Lucky number 28

One of the benefits of living in a booming metropolis such as our own is that there always seems to be a new restaurant to visit. Lately, more often than not, these new restaurants have tended to be fairly good. I visited two such establishments in the past month and both turned out to be four-star experiences. So it seemed like a perfect time to revisit my all-time favorite Sacramento restaurant, Twenty Eight, to see how the old guard was holding up.

Twenty Eight, formerly known as Capitol Grill, is one of the twin jewels in Randy Paragary’s restaurant empire (the other being the Esquire Grille). It sits with understated elegance across from Paragary’s eponymous restaurant on the corner of N and 28th streets. There’s no outward reason to suspect that the finest dining experience available in Sacramento awaits inside this simple structure, but it does. At least, that’s what I’ve told everybody for the past three years since I last reviewed the restaurant.

Inside, there was no sign that anything had changed. Twenty Eight’s bold statement begins with its interior: dark, intimate and luxurious, with high-backed chairs richly upholstered in brown and gold material that perfectly complement the antique brick and hardwood dining area. Our waiter immediately set to making us feel comfortable, to complete this elegant picture. We ordered, and promptly received, a cute little half-bottle of cabernet sauvignon and fresh-baked whole-wheat rolls that were tough-and-chewy good.

First up was lobster pot stickers with curry sauce and pea sprout salad. Served in a wide, deep dish, the appetizer was the epitome of nouvelle cuisine: a triad of smallish pot stickers topped with sprouts and carrot shavings set in a circle of yellow curry that just barely covered the dish’s bottom. Dave Thomas from Wendy’s may hate this kind of thing, but I love it, and was heartily enjoying the succulent lobster meat inside when disaster struck—a small, triangular piece of lobster shell inside one of the pot stickers caused me to nearly break a tooth.

“That’s it, an automatic star off,” said my wife, the Junebug. When it comes to food criticism, the Junebug can be a harsh mistress. Come to think of it, I’m no saint myself, and, frankly, I was sick of all the four-star reviews I’d been handing out lately.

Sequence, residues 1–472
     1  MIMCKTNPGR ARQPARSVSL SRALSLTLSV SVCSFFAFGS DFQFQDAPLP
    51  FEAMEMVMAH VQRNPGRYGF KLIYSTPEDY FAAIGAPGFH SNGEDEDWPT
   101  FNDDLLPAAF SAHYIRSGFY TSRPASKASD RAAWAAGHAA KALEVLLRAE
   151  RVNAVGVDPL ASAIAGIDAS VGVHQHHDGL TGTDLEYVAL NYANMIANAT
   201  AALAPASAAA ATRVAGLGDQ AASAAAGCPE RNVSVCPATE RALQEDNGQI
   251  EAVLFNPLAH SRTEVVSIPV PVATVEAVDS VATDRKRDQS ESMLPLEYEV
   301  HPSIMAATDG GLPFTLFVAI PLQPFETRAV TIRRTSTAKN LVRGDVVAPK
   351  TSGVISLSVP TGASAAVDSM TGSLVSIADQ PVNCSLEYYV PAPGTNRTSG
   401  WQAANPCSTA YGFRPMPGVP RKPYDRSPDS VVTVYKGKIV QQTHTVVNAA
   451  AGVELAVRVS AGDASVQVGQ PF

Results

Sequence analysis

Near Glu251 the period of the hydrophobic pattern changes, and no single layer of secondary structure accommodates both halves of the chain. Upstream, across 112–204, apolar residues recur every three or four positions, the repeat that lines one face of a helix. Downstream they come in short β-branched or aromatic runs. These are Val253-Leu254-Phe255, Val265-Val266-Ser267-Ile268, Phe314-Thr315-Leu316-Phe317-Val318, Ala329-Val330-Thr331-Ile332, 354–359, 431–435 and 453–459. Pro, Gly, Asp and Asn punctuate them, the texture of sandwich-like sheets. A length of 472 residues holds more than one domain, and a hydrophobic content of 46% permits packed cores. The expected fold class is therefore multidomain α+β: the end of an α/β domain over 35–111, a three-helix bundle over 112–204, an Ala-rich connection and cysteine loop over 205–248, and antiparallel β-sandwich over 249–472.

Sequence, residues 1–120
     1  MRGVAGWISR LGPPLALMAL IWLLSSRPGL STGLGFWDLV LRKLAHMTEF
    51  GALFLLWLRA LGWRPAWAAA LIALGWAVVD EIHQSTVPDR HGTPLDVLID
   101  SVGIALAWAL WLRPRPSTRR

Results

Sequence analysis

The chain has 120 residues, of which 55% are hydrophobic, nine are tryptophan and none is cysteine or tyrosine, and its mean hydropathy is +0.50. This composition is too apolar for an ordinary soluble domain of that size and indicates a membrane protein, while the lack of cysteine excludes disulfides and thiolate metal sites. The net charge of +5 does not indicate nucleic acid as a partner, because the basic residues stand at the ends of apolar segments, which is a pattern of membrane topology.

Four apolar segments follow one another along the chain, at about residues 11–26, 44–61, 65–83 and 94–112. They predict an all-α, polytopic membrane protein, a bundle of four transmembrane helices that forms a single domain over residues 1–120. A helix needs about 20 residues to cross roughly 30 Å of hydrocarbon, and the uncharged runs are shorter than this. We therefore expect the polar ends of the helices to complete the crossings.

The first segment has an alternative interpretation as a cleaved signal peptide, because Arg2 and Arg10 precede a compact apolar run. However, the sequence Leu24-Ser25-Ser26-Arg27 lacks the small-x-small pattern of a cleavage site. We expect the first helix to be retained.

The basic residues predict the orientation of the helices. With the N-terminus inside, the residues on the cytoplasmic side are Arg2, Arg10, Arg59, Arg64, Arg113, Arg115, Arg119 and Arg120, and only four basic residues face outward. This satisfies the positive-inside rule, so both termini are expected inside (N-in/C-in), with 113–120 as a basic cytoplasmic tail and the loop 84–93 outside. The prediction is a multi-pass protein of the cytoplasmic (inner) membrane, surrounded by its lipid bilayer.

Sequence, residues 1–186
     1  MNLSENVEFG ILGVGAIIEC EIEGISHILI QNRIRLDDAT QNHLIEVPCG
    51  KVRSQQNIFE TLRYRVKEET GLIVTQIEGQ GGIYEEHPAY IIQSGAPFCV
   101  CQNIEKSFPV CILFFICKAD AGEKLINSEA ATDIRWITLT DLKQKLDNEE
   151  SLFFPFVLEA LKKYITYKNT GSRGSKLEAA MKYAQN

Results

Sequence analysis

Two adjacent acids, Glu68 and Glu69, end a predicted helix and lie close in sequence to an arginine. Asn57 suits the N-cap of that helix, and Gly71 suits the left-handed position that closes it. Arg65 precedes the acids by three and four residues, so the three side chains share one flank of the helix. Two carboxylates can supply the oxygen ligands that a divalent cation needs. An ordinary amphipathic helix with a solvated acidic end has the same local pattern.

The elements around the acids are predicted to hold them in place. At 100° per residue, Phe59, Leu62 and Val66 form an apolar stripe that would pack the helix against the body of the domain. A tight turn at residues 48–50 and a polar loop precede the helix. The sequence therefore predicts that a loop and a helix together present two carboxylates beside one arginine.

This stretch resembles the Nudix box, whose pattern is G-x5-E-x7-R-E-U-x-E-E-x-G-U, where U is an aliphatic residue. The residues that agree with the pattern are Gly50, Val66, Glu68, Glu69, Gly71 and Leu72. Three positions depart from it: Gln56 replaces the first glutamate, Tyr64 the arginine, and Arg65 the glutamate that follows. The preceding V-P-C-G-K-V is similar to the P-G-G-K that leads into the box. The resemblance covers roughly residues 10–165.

So I started getting picky. A Belgian endive and frisée salad with pears, pecans, Stilton cheese and vinaigrette dressing was “OK,” a little bitter (it’s endive, stupid, it’s supposed to be bitter), but no great shakes. It was looking not so good for Twenty Eight. That tiny piece of shell had nearly pushed the restaurant past the point of redemption. Could it reclaim its status as best restaurant in Sacramento? How?

I’ll tell you how.

By delivering the best entrées we’ve ever sampled in the River City.

I had chosen beef tenderloin with roasted shallots, mashed potatoes and French green beans. The inch-and-a-half-thick filet I received was charbroiled a perfect medium rare and served in its own juices. Each bite dissolved in the mouth with little or no chewing. The mashed potatoes were as fluffy and light as whipped cream. And the green beans? Tiny, sweet and tender, they seemed to have been raised personally by the Little Green Sprout. Heaven!

Pan-seared scallops were every bit the steak’s match. Topped with lobster beurre blanc and served with tomato-leek risotto, the silver dollar-sized scallops were plump and translucent and so tender you could have sucked them through a straw. What scallops! Good God Almighty!

Any doubts we may have had left were extinguished by a cool, triple-decker lemon-raspberry concoction that featured thin, crispy pastry as delicate as a butterfly’s wing. Hallelujah!

Thinking back to my review of Twenty Eight three years ago, I recall that I was overcome with religious exaltation then as well. It’s no coincidence. Restaurants that can evoke this kind of reverence are rare indeed. That’s why I say Twenty Eight is still the best damned restaurant in Sacramento.